In times of trouble, or when trouble looms large, it is natural for us to get under the ‘fight-or-flight’ umbrella and react. This response mode is certainly useful in times of serious peril — not for run-of-the-mill pressure situations. The former can save us our life, while the latter can cause more damage than good. One prime example is yelling at your wife, or children. This is primarily a result of stress, or pressure — it can get us into a jumble when not curbed. What happens next is our basic resolve not to explode — but to stay calm — tumbles downhill. It is keeping cool against a raging storm is what separates us from other living creatures. Besides, we are also endowed with a conscience — the ability to separate right from wrong. We will all do well if only we act, and not react, when stressed in day-to-day situations, which don’t carry the tag of direct danger, or risk to life.
Most psychologists and philosophers urge us to count up to ten, or take a few deep breaths, or sips of water, or remain still, until we balance, or streamline, our emotional agitation. The reason is simple. When we respond suitably in moments of stress, we set an example for ourselves. In other words, we are fully capable of turning the table from chaos to harmony — if only we want to. It is all within us — it is up to us to select the best course of action. Try to be as cool as a cucumber, or hiss like the pressure cooker. The choice is yours. Agreed that the ability to think and act calmly requires mental preparation — not idiosyncrasies. When we don’t hold our nerve, we will be left with a muddle to scour with an angry mop.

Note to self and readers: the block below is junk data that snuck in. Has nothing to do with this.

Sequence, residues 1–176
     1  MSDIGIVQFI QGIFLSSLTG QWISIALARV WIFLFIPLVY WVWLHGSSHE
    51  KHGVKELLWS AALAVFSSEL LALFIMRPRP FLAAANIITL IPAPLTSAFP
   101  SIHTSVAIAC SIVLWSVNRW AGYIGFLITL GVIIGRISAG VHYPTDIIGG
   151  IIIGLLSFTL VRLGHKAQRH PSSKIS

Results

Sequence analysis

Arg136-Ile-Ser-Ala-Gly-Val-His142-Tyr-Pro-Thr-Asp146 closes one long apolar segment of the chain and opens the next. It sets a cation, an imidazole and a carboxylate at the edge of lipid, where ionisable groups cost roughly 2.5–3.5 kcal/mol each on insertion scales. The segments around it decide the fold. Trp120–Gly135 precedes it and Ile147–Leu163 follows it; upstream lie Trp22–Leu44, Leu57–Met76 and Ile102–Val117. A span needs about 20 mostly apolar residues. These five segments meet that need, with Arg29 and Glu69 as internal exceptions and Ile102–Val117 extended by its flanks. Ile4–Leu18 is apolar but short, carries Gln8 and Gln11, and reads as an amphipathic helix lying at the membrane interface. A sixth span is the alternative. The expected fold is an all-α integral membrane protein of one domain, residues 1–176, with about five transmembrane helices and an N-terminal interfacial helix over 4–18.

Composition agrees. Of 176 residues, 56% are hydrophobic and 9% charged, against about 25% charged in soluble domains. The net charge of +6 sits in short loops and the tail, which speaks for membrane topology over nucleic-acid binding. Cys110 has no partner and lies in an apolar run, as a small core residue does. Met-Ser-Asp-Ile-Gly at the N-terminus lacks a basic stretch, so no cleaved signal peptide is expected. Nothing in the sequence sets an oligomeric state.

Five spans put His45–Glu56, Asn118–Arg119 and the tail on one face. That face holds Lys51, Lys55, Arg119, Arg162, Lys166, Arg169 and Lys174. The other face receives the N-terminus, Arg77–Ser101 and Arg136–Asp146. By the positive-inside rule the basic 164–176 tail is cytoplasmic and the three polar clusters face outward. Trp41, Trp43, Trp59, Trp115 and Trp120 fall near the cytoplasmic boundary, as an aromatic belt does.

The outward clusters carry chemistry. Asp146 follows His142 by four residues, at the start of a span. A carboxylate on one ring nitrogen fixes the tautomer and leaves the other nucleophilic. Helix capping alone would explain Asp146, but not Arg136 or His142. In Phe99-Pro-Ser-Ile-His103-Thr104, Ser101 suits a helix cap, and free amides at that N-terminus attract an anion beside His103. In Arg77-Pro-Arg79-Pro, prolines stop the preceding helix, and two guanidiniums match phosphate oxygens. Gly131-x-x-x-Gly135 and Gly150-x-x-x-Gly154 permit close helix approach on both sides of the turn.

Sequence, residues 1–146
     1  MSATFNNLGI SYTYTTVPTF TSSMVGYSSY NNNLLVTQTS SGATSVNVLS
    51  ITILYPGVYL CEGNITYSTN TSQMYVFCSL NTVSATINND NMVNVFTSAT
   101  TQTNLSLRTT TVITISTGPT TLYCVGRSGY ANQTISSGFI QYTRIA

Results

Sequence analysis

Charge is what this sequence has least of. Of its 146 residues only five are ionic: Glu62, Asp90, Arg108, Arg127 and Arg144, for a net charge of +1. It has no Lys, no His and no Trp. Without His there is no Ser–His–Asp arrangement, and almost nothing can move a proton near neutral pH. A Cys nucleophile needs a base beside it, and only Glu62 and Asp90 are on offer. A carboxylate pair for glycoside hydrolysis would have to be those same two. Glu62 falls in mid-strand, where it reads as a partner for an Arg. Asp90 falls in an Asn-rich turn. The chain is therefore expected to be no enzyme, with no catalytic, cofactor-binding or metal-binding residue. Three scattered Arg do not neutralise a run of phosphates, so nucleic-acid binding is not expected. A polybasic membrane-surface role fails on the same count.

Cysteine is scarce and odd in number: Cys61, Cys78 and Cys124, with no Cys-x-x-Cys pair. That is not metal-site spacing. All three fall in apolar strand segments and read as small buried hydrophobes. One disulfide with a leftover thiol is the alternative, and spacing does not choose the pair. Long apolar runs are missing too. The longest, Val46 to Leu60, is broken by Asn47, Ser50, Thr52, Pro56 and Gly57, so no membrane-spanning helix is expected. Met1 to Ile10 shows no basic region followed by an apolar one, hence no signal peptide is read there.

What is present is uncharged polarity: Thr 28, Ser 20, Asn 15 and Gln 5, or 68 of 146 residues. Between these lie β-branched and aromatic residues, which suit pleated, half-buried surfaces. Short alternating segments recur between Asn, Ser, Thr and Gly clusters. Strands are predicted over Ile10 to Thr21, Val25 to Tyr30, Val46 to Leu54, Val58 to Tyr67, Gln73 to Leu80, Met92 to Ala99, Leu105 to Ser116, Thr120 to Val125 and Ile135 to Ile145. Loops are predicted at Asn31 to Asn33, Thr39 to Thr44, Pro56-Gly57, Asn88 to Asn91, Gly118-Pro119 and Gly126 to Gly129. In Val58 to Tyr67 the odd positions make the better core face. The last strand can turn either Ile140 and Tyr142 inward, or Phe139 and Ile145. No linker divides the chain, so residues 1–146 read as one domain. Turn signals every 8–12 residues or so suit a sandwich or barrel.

While it is only human to err, it would be more human and practical to assume responsibilities. We should aim at things that we can comfortably handle. Or, refine our ability to say ‘no’ like a child. The problem is we are often inclined to say ‘yes’ — even when we know that things are not what they appear to be on the surface. Or, when a specific task is not what we’d finish in a flash. Quality work takes time. You just can’t build castles in the air at the ‘idea’ of a thought. It takes a dream; also, measured action.
All of us are naturally bestowed with the gift of free will and the capacity to make choices in every aspect of our lives. But, at the backside of free will there is a need to accept accountability for the choices we make. What does this signify? We need to aim at meaningful choices and not make hasty or bad decisions. When the latter happens — that is, when our choices gone awry — bitterness is not far behind. Your best motto should always be, “I must think before I ‘jump the gun’ of a hurried thought.”
This is where simple wisdom plays a pivotal role. It helps us to build character, while dispelling fear, guilt and frustration. Put simply, plain wisdom emanates from well-founded information — not gliding ‘head-on’ into situations. Understanding what is can be just as good as thinking in advance. It can save us from embarrassment. We should all monitor our behaviour in situations that trigger disquiet, while appreciating what course would best serve our purpose. If we are reacting to things too quickly, or impulsively, we’d try to get into the practice of pausing. This will help us to act ahead and not react at the drop of a thought.